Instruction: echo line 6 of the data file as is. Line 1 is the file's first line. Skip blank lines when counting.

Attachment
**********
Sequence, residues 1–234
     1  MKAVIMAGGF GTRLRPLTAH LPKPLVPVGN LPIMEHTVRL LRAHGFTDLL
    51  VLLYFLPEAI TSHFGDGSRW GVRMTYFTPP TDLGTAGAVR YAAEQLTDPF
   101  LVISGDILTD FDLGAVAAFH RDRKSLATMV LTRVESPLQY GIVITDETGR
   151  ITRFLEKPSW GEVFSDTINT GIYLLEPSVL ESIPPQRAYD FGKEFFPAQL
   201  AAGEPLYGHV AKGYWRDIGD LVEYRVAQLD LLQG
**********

   201  AAGEPLYGHV AKGYWRDIGD LVEYRVAQLD LLQG